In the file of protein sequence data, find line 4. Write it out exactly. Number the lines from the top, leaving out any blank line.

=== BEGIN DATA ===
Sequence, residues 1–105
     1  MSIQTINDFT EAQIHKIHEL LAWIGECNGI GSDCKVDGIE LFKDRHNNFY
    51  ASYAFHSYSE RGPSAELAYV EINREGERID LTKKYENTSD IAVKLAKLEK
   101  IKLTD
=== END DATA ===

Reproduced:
   101  IKLTD